Wednesday, October 14, 2009

Wednesday, September 30, 2009

Crazy Crime Story

Writing for a newspaper in Johannesburg you digest many weird crime stories. After a while, you think you've seen it all - kids with Samurai swords, mining tycoons full of bullets, serial killers, etc.
But this story (post below) had me grinning with glee as I typed it up yesterday morning. I'd love to hear your comments on it. If you can't open it, click here. My favourite is the detective saying that a hit man worth his salt would have charged more than R2000...

MidSandton Murders (Almost)

Murder Plot

Tuesday, September 29, 2009

Hollywood or Bust

My closest brush with Hollywood was when a major US film studio called me up to explore turning a story I was covering into a movie. That was a few years ago and, so far, I have not received any invitations to to the land of palm trees, beaches and beautiful Rollerblade girls.
But today I discovered my second - if somewhat more indirect - link to Los Angeles. Their local, and much respected newspaper, LA Times, covered last week's release of the South African crime statistics. To avoid regurgitating old news, they tried to spice up their report with an interview with our new police chief. The interesting part, however, is that right at the top of their article, they quote a "South African newspaper"... the newspaper I happen to write for. And the quote they pulled out, was none other than the intro I crafted thick in the chaos of the statistics swirling around us in the newsroom. Check out the LA Times article here.

Sunday, September 27, 2009

Tall People Conspiracy and Cats

There are a lot of tall people in Johannesburg. And last night, I'm convinced, a good number of them conspired to gather in row "i" of Monte Casino's grand theatre.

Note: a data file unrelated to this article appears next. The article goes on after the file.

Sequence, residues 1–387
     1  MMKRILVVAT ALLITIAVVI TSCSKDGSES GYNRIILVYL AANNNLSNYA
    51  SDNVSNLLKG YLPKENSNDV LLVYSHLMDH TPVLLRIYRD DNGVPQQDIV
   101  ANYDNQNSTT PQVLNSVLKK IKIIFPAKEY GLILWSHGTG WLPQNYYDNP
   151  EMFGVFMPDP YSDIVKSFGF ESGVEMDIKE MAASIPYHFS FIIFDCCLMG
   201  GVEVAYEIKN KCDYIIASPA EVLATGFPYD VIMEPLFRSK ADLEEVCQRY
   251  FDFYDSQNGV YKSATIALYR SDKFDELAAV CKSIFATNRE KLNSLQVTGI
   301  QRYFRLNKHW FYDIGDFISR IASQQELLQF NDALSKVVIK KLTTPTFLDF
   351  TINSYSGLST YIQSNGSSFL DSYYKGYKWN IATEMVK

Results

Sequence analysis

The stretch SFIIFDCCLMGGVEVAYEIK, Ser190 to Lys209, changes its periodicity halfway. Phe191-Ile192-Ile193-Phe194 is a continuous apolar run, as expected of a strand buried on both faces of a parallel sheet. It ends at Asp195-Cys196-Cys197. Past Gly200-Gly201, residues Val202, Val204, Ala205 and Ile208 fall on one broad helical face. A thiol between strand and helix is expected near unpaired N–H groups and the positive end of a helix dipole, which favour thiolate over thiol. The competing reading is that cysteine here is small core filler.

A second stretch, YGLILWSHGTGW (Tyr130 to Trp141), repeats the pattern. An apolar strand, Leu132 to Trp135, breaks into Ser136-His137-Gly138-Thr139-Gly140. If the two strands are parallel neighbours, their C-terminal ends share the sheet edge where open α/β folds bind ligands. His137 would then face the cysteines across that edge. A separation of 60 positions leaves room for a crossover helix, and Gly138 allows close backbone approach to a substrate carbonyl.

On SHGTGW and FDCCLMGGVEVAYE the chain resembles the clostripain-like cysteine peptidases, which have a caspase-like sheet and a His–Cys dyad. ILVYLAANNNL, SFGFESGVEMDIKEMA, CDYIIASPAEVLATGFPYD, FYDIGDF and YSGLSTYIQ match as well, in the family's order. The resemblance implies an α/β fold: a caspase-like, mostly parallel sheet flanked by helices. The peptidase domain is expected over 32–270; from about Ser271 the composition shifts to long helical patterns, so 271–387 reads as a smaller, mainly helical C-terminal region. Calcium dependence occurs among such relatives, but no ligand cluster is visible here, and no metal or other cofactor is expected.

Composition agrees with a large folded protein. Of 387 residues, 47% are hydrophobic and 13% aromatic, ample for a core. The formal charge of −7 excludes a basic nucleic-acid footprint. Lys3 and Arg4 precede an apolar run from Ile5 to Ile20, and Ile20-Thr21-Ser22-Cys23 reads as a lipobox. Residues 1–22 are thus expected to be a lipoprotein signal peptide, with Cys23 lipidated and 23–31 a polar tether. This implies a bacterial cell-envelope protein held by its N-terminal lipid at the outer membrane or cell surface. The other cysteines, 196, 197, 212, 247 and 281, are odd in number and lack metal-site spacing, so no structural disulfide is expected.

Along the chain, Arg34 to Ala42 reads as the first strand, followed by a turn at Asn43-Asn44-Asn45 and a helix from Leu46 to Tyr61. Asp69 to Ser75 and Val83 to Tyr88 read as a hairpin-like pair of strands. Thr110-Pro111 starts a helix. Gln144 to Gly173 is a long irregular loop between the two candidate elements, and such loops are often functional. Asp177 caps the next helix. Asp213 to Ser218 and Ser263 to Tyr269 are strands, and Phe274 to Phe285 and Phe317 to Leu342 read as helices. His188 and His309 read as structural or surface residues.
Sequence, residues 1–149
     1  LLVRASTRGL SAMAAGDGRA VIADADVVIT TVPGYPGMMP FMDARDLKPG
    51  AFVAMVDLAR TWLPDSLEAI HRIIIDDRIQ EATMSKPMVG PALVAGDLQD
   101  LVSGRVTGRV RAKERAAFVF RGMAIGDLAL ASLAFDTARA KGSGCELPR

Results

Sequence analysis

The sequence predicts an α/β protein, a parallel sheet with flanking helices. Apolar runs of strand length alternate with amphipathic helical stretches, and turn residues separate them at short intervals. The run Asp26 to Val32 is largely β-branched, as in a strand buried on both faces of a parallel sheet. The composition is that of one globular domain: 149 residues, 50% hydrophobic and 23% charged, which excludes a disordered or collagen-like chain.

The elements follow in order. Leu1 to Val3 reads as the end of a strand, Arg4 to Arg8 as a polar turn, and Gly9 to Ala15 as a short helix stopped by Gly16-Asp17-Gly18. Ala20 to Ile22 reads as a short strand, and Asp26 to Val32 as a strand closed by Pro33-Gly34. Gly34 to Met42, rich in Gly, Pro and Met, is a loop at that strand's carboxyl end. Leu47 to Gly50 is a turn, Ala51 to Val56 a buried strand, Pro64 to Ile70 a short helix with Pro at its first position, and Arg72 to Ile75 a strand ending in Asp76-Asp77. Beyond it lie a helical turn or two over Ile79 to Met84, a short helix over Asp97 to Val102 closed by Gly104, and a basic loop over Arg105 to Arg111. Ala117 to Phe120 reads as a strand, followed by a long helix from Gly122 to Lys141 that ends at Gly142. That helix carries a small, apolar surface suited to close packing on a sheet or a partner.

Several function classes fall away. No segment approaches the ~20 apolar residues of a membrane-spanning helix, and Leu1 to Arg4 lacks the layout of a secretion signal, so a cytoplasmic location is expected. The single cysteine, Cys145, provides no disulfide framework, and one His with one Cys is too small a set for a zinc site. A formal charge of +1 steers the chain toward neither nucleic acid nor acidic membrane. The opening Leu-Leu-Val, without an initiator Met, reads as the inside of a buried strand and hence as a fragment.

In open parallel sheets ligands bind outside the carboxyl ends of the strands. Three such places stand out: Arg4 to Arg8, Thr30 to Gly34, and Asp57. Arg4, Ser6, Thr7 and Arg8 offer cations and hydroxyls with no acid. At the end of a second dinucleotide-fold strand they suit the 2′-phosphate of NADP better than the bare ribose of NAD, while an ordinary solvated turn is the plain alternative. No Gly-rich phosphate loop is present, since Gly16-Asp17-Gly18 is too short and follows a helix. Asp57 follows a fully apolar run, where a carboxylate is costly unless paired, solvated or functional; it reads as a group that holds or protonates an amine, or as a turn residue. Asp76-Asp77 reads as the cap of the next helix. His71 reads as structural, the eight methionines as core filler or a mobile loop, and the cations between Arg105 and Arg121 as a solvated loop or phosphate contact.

I know this because I sat in row "j" of the same theatre, attending the glittering opening night of the Cats musical and shifting from butt cheek to butt cheek trying to see the stage.
I'm not sure why tall people would want to hold a secret conspiracy meeting in a theatre, where talking to each other would clearly be difficult. Between the flashing lights, awkward seating arrangement, short interval and the goose-bump-inducing voices of the actors belting out classics like "memories", what possible plotting could take place? But there they were anyway, whispering in each other's ears and chuckling silently at the suckers behind them.
On a serious note, Cats was sensational. The theatre was transformed into a shadowy rubbish dump with cats crawling from under every crack. Returning from the interval, the cats started from the back of the audience and climbed over the rows to make their way on stage. They stopped to purr up against people, claw at their bags or steal a sip from the drinks. I managed to pat one on the head, and feel the bristle-like wig. It's an amazing experience to see the costumes so close up.
What struck me the most was how beautifully and flawlessly the cats moved. They were like one organism but with so many individual personalities, like Rum Tum Tugger - the feline version of Mick Jagger meets Michael Jackson.
Sure some of the music was a little dated and sounded like that horrible jingle you hear as the credits roll on Bold and the Beautiful or Sunset Beach. And yes, one dance routine seemed to last longer than nine lives. And if you really pick at it, you can't but assume that old Lloyd Webber must have been on some serious Acid to conjure up that Mongolian / pirate scene...
But overall, if you throw in a dinner, you can't go wrong for a fantastic evening.

Wednesday, September 9, 2009

Pigeon VS Telkom